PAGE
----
Home Property Laws

Iowa security deposit laws

Last updated: Apr 29, 2015

What’s the deal with security deposit laws in Iowa?

So here you are, a landlord in Iowa, and you may be wondering whether or not it’s necessary, or even a good idea to charge potential tenants a security deposit. The simple answer is, while it’s not necessary, it’s a good idea.

Security deposits act as just that – a deposit – for the tenant; for a landlord it’s more like an insurance policy in the event that tenants cause serious damage to the property. If you think about it, a security deposit could be considered incentive for tenants to treat their rented property well in the hopes of having all of their money returned to them. But, if they do damage or make unapproved changes to the property, then the landlord may use some or all of the deposit to repair it.

However, it’s best to exercise discretion if using any of the deposit when remedying damage. A couple of years ago, Iowa City attorney Chris Warnock won in two lawsuits against Big Ten Property Management, who were charged with improper deductions from a security deposit. Two former tenants said they had not received their full deposits after having moved out. Among these errant charges? $150 for leaving a window open, which didn’t even damage the property. In this case, the judge ruled in favor of the tenants and awarded $2000 in damages.

Obviously, this isn’t how you’d handle your tenants and security deposits, but it’s a great reminder of why it’s important to be diligent about how you receive, use, and return the security deposit. Read on to learn more about your responsibilities when it comes to charging and handling security deposits.

Do landlords need to charge tenants a security deposit in Iowa?

Landlords don’t have to charge tenants a security deposit, but they play a very important role in protecting the landlord in the event that the rental property sustains damage beyond what may be considered “normal wear-and-tear,” or if the tenant makes any unauthorized changes  to the property. A security deposit may be used to repair damages or modifications.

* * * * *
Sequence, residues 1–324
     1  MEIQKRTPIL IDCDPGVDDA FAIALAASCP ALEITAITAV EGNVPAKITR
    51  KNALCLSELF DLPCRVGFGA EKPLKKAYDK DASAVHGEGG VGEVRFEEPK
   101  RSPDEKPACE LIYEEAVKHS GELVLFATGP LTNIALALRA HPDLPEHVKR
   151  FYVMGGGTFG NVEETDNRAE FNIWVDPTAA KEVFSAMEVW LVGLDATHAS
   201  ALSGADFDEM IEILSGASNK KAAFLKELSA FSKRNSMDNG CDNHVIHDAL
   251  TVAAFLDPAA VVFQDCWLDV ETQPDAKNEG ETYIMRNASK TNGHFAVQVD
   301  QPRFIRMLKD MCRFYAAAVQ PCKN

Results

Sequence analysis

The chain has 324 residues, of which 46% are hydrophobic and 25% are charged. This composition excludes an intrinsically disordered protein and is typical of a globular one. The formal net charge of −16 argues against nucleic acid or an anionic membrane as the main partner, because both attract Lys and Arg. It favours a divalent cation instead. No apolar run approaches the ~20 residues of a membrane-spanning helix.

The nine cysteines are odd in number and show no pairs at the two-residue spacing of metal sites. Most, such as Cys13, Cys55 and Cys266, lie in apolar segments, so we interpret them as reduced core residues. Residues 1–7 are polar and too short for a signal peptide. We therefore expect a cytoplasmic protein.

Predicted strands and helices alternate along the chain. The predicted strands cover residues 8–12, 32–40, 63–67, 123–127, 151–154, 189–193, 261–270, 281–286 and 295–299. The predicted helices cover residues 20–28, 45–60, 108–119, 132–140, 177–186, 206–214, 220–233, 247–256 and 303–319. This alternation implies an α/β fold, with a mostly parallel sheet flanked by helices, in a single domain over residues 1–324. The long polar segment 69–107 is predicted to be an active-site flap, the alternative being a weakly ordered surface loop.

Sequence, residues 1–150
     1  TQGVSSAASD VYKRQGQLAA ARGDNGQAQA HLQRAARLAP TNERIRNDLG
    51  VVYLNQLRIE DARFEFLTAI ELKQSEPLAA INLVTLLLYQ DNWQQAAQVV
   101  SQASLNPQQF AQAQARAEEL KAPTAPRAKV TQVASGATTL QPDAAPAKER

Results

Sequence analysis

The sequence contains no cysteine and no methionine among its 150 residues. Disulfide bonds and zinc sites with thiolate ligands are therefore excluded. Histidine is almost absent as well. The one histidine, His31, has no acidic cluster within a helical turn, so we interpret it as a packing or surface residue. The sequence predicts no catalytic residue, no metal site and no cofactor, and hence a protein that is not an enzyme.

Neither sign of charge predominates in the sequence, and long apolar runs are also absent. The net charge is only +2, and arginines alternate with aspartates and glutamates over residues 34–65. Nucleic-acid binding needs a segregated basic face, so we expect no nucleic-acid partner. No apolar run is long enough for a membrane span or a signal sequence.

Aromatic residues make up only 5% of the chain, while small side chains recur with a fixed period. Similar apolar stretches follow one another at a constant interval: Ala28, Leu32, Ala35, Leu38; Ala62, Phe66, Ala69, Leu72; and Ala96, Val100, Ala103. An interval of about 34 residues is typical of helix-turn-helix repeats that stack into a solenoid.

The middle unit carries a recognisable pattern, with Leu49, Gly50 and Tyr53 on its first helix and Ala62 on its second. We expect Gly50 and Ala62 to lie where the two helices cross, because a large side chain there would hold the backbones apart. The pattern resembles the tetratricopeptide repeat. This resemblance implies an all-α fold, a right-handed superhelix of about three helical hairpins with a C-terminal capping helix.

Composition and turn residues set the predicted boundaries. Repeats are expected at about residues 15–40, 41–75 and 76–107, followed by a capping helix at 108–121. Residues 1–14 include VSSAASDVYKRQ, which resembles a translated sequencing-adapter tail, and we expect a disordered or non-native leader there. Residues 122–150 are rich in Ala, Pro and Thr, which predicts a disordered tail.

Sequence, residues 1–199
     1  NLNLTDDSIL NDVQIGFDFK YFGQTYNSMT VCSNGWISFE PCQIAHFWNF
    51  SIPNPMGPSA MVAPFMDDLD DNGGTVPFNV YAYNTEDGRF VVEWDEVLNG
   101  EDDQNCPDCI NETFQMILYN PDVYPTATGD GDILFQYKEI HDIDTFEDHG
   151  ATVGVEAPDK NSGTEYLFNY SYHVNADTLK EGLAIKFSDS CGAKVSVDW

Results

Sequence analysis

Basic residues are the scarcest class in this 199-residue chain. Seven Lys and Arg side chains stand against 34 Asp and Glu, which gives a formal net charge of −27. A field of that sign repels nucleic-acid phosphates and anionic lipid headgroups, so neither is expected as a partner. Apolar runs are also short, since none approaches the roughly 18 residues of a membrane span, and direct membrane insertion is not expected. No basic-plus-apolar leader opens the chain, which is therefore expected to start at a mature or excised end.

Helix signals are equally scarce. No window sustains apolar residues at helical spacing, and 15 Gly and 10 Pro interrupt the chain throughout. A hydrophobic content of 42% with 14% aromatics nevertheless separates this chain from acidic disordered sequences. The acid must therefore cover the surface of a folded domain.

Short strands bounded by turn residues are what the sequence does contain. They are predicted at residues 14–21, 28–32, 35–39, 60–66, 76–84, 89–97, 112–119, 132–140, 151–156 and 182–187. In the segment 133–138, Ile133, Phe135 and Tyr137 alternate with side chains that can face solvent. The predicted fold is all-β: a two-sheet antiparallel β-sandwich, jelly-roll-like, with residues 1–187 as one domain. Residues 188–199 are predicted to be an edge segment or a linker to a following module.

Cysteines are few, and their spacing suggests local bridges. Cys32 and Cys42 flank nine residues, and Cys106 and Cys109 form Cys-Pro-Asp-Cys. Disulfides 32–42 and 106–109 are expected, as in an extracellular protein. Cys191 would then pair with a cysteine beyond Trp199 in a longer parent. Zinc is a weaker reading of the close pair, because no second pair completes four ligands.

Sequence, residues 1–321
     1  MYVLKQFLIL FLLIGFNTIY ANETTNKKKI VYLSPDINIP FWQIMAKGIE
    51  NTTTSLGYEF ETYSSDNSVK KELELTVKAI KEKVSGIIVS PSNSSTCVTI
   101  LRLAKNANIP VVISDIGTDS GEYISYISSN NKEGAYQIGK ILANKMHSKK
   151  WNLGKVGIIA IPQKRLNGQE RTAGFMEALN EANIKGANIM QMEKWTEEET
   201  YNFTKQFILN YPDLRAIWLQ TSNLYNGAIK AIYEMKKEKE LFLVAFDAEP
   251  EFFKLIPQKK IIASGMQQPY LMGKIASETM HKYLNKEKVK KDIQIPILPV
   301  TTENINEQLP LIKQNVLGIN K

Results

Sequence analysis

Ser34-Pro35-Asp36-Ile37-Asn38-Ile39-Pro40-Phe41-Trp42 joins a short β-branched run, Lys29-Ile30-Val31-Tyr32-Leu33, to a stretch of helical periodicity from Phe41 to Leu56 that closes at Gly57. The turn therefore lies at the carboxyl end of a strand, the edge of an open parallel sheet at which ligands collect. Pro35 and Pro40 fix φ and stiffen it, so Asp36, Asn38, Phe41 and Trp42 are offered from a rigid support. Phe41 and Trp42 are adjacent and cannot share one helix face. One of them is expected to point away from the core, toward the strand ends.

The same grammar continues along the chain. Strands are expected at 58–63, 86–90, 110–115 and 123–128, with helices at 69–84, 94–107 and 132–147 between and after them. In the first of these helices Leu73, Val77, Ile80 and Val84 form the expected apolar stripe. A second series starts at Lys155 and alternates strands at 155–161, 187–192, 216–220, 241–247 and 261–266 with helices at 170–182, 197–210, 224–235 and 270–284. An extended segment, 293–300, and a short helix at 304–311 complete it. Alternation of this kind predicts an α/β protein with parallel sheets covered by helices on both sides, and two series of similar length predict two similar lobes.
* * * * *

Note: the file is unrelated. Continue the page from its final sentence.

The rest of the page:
What are the limits on rental deposits in Iowa?

  • A deposit may not exceed the amount of two months’ rent.
  • If a tenant decides to sublet, the deposit from the subtenant can be one month’s rent from the original lease.

For example, for a one bedroom in Cedar Falls that rents for $700/month, landlords cannot ask for more than $1,400 as a security deposit.

Do landlords need to provide a receipt for a security deposit?

No. Landlords are not required to provide their tenants with a written notice or receipt for a security deposit.

Does the money need to be kept in a separate account to allow it to accrue interest?

Yes, the deposit must be held in a bank, savings and loan association, or credit union, which must be insured by an agency of the federal government.

Security deposits must be held in their own account, separate from any other funds. It’s a good idea to invest the deposit in an interest bearing account, as any interest accrued on the deposit within the first five years of tenancy will become property of the landlord. On the other hand, any tenant renting the same property for more than five years is entitled to any additional interest.